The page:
Another thing about Aspereger's is the intelligence. When he takes an IQ I know he is going to score off the charts. I will tell you now that I know he has genius intelligence. He can set down at a 35 piece puzzle, get the pieces out and have it together in minutes. If it is something that can keep his focus. He has done this repeatedly with Thomas puzzles, but he have a hard time with other ones. I think he is not interested in them so he does give them his full attention and focus. He can and will disassemble any electronics he get alone for a few minutes.

Another is he is very literal, if you make a joke he is probably going to miss it. It is not that he does not have a sense of humor, he finds lots of stuff funny. He just, to steal the phrase from my dear wife, sees everyone and everything else as "black and white". There have been several times he has seen me showing emotion of some sort or another and asked why I was like that, when I tried to explain he would ask why again. I could clearly see he had no concept of why the situation made me emotional and since learning about this I understand why now. This causes some frustration for him because if he does something funny that he didn't mean to be funny, and you laugh he will get very upset asking why you are laughing and it is very hard to explain to him how it is funny.

The non-verbal communication or communicating what is going on with himself has been a struggle for Jackson, but he is getting better. There have been many times something has been wrong or he has hurt himself and when you ask what is wrong the only answer you can get is "I don't know". He know what is wrong I just think he can find the words to express it.

He is dangerous combination of clumsy and fearless. This has caused him several boo-boos because he will do crazy stuff and climb anything over and over again and no matter how closely you try to watch him, he finds ways. I had him lay down for a nap one day and while I was in the living room the neighbors caught him climbing out his bedroom window. He has only done this once,  but that makes it scary raising Jackson because he is completely unpredictable, if the thought crosses his mind he will most likely try because to him there are no consequences. 

I am not sure if it related to this, I will have to research, but he has an amazing connection with animals. He loves all animals but his favorite is cats. He could lay there and pet a cat or dog that is still for hours. He communicates with animals like the rest of us do with other people.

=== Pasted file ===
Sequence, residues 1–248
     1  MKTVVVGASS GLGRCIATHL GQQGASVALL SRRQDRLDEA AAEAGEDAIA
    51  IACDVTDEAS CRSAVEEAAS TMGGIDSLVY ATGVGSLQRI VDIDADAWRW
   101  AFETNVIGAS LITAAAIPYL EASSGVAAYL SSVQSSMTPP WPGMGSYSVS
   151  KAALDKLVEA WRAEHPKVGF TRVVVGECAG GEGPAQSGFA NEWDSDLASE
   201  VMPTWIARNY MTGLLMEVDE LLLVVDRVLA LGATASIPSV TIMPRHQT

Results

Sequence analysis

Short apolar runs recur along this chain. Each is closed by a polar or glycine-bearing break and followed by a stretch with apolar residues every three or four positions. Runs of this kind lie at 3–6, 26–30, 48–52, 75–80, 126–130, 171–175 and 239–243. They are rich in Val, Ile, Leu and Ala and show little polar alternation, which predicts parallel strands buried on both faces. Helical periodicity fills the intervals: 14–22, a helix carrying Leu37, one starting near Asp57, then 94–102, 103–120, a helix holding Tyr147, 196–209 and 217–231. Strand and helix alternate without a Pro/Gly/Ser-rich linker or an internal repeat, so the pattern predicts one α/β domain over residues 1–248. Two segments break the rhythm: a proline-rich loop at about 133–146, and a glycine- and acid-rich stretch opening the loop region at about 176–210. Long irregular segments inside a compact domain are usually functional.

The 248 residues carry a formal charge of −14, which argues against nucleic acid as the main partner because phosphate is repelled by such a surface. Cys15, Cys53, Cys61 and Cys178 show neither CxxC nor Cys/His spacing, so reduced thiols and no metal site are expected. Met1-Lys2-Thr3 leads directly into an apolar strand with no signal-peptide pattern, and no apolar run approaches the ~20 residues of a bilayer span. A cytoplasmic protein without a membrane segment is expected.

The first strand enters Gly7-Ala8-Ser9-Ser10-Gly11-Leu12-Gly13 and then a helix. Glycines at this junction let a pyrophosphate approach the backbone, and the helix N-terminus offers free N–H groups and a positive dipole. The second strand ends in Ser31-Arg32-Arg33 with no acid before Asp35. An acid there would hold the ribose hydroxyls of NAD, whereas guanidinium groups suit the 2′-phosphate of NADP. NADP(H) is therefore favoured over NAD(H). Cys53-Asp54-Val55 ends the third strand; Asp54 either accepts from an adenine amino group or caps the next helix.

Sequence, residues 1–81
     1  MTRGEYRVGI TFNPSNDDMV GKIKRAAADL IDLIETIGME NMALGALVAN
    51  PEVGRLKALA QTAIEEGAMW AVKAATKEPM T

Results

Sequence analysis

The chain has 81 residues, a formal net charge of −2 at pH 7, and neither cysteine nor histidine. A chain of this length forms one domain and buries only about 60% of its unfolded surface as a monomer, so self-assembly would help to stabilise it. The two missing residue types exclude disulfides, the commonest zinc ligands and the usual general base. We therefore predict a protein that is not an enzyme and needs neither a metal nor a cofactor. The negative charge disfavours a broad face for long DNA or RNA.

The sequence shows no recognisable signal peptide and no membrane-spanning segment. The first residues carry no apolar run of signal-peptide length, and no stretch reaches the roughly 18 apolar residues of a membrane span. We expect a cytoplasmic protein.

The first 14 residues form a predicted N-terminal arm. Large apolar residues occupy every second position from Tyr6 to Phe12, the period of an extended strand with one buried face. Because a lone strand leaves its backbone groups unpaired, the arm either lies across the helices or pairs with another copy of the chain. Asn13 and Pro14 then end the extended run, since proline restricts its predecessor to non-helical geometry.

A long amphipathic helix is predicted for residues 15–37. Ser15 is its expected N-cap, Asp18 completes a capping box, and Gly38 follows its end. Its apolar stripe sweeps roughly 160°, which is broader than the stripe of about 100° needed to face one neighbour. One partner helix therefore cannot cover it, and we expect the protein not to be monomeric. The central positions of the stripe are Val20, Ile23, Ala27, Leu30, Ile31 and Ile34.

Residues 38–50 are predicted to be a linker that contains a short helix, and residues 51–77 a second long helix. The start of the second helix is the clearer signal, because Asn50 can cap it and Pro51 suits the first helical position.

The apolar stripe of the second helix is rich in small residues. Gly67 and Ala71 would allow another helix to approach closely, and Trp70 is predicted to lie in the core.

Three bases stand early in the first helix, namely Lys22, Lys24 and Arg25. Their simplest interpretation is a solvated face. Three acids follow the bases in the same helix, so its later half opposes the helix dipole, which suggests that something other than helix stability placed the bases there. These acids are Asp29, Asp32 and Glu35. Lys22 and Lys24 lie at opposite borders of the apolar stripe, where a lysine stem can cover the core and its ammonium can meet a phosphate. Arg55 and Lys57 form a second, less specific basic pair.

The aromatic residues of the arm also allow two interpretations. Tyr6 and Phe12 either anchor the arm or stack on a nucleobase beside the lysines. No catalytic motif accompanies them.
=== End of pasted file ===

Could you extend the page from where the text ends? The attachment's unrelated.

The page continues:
For all of the challenges I cannot imagine him any other way. These things are what makes him Jackson and he is our sweet, caring, and loving boy who loves his daddy and idolizes his mommy. He is an amazing kid and you never know what is going to say or do from one moment to the next.

Thursday, June 23, 2011

6/21/2011 - 6/23/11 Diagnosis through early Post Diagnosis Day 2 Summary

Today we went to Jackson's appointment and he was officially diagnosed with Asperger's Syndrome, which is considered a high-functioning form of Autism. The doctor was great and gave us a good list of resources to utilize. He recommended we call and get a 100 day kit, which will teach us about it and help up figure what is next. We have been bouncing the idea among ourselves for awhile now, but did not want to invest a huge amount of energy in an assumption so we did not research it in great detail. Now I wish I had. I know only the cursory information about it, but we have plenty of tools to help us get started.

Emotionally, although it was expected it still feels like being hit in the chest with a ball bat. Not that this is a terminal issue or that there is no hope, just that we do have to figure how to best parent and support him from square one. I do not want to let him down or fail him and I know there are going to be mistakes, but I want as few as possible. I have this boding sense of fear right now because I have no understanding of what Jackson or the rest of the family is in for with this. I know it will pass as I gain more knowledge of this condition, but it is getting past this initial feeling that is hardest.

We are going to be a lot of research and I am going to be building a good library of books about Asperger's now.

I called because they provide free 100 day kits for people with newly diagnosed Autism cases. It provides information about it and helps to plan what to do next. That should be arriving in 7 - 10 days.

The next item in my personal agenda is to reach out and find some local groups to help us learn and to begin my library by ordering some books to read.

My wife has been researching gluten free diets where we can change our eating habits to better help him.

We are facing this as a family and if he has to have a diet or lifestyle change the rest of us are going to do it with him. He is only 4, but he is not going to have that stuff alone.


Here is a copy of the handout from the doctor:

Autism Resource Guide - Websites
Recommendations - 1

Resources for families of patients who demonstrate some signs of Autism –
Prior to Diagnosis

View video of typical development and delayed development.

Resources for families of patients Newly Diagnosed
Local Resources:
The Autism Program – (TAP)  is a Statewide program.  Locally, it is located at 904 W. Nevada in Urbana.  The phone number is 217 244-1395.  TAP provides a resource room with books, tapes, and free visual supports, social skills groups, New Diagnosis parent program, technical assistance, information and referral plus much more.
Family Resiliency Center - This is the local website for the above program.

CU Autism Network - local (Champaign County area) parent and professional support and networking group.

Illinois Autism and Technical Assistance Project
The Illinois Autism Training and Technical Assistance Project (IATTAP) is an initiative of the Illinois State Board of Education (ISBE) and join other ISBE initiatives as part of the Illinois Statewide Technical Assistance Center (ISTAC) providing training and technical assistance to schools in Illinois.  Has fact sheets and on-line training.

National Resources: